This apology sets a bad precedent — one which jihadists are certain to exploit every time Israel defends itself in the future. Their objective will be to intimidate Israel into ultimately not being able to defend itself at all. “Navy commando: We did nothing wrong,” by Yoav Zitun for Ynet News, March 24 (thanks to Joshua):
“I don’t think we’ve done anything wrong,” said N., a Navy combatant who was involved in the raid on the Mavi Marmara in 2010. “We did the right thing. I’m not ashamed of it and we have nothing to apologize for.”
“This apology doesn’t imply anything,” N., who sustained injuries in the raid, added. “It’s meant to promote reconciliation. On a personal level there’s no need for apologies, but on a national perspective”¦ it seems like the right thing to do.”
A former combat soldier with the Navy told Ynet he was ambivalent about the apology. “On the one hand, there’s something very unfair in this — when you’re in battle, you fight. And we did nothing wrong. But on the other hand, maybe it’s time to end this saga.”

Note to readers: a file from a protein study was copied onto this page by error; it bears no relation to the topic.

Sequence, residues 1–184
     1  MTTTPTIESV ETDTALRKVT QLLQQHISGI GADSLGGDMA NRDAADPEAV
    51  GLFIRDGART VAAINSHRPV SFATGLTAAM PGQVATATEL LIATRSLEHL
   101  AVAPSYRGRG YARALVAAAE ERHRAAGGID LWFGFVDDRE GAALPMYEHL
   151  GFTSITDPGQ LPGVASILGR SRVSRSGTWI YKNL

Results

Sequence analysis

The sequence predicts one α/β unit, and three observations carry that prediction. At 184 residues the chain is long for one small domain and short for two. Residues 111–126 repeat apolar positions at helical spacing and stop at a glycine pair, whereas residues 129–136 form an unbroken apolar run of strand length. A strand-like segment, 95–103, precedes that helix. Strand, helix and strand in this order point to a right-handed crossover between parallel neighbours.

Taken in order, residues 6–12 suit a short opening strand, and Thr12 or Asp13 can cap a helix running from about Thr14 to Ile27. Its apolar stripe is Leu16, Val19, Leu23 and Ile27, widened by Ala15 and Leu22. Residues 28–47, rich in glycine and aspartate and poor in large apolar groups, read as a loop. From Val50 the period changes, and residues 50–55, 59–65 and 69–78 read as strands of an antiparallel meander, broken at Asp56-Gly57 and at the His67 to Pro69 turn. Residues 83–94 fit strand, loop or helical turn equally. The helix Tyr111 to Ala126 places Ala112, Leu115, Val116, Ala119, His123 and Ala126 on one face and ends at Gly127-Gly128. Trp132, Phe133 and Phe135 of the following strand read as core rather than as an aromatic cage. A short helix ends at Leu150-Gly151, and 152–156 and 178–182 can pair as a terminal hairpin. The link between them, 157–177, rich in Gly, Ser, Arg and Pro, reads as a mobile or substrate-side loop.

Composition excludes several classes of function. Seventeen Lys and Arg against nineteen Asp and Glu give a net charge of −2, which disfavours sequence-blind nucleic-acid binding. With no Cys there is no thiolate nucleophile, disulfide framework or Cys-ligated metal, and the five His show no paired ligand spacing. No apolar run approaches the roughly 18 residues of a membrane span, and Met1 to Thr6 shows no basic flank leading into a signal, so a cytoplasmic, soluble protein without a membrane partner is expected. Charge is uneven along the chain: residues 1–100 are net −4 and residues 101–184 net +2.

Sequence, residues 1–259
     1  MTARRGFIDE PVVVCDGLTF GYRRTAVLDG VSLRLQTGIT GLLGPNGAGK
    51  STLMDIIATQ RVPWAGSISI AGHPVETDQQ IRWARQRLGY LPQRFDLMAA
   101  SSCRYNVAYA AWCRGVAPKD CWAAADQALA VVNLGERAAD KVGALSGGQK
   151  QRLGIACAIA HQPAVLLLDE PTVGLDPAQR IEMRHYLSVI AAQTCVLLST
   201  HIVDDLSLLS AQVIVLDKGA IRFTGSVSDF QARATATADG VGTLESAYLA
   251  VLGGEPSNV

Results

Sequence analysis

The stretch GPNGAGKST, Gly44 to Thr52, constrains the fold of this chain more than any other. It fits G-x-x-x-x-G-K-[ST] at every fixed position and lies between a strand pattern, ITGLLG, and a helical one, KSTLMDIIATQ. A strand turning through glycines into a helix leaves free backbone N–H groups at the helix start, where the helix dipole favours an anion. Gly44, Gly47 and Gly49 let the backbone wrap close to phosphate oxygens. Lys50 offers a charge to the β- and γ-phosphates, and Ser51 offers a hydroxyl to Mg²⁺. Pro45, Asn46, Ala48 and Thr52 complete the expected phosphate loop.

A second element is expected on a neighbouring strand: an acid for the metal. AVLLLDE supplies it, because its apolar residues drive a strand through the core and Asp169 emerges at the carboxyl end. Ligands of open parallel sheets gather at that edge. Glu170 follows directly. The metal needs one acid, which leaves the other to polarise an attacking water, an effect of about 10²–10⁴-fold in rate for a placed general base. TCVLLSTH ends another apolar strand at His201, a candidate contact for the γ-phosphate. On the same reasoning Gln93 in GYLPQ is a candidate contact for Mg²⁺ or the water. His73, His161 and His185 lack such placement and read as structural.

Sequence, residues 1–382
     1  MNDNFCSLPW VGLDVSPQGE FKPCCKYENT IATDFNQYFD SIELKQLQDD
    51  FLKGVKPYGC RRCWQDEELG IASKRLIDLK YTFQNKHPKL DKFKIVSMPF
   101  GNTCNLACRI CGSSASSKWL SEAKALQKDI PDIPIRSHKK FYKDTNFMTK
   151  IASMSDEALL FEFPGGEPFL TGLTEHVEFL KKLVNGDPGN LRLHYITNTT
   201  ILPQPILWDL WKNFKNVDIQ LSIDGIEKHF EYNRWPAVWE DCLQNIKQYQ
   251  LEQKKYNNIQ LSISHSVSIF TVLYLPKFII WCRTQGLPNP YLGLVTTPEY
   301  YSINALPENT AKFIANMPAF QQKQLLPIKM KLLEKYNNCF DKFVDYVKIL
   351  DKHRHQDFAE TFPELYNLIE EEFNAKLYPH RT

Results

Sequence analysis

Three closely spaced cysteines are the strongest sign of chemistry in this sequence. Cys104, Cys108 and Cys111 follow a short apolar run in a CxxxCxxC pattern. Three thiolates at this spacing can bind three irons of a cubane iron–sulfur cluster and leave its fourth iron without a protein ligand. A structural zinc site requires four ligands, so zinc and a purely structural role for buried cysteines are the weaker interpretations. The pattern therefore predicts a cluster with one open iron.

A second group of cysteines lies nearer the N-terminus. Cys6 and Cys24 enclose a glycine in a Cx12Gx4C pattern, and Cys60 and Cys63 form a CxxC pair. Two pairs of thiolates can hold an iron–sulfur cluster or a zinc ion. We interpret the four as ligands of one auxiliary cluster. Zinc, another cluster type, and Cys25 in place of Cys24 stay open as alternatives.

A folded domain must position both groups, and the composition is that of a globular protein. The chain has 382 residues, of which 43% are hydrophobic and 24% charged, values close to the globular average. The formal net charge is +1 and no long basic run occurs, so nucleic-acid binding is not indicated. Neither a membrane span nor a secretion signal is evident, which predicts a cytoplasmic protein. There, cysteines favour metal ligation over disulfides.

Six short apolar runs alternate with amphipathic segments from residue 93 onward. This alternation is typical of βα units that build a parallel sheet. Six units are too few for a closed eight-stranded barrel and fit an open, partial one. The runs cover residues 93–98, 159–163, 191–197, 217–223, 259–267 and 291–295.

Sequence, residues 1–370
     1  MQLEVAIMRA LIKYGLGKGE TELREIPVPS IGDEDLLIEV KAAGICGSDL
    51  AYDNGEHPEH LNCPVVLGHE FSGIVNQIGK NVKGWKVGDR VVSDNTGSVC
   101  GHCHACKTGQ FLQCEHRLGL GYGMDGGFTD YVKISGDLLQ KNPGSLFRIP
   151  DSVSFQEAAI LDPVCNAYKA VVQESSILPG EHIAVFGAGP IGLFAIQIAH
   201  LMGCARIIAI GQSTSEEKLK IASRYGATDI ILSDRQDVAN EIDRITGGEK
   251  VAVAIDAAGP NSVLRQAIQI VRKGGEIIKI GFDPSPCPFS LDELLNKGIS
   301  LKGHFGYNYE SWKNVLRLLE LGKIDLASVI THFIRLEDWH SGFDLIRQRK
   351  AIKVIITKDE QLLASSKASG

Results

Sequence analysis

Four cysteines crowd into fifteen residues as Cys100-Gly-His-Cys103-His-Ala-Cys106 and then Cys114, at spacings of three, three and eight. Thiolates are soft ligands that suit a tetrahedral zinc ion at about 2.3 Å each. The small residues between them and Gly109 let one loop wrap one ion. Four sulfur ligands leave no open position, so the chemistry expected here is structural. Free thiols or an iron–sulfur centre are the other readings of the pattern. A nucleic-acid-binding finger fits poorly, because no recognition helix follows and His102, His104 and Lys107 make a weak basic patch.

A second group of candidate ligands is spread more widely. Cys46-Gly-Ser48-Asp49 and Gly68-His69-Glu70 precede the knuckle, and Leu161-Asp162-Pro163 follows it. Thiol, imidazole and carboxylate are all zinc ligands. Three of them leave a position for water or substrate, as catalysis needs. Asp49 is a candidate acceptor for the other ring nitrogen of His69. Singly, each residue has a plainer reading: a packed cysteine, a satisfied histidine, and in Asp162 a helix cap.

As for the decision to compensate the families of the Turkish citizens who were killed in the raid, many Navy soldiers were outraged, saying that IDF soldiers who sustained injuries in the incident have yet to be compensated.
Former Navy commander Eliezer Marom, who was the commanding officer of the 2010 raid told Ynet he was against the Israeli apology. “We must back IDF soldiers. If you start apologizing for combat errors, where will it end? An IDF soldier must be backed.
“I ask myself how this may affect the soldiers,” Marom added, that’s what bothers me.”
“I might be joining politics soon,” the former commander admitted, noting that he was aware of “the prime minister’s right to make such a decision — to sacrifice support for the soldiers in order to advance national interests that mean nothing.”…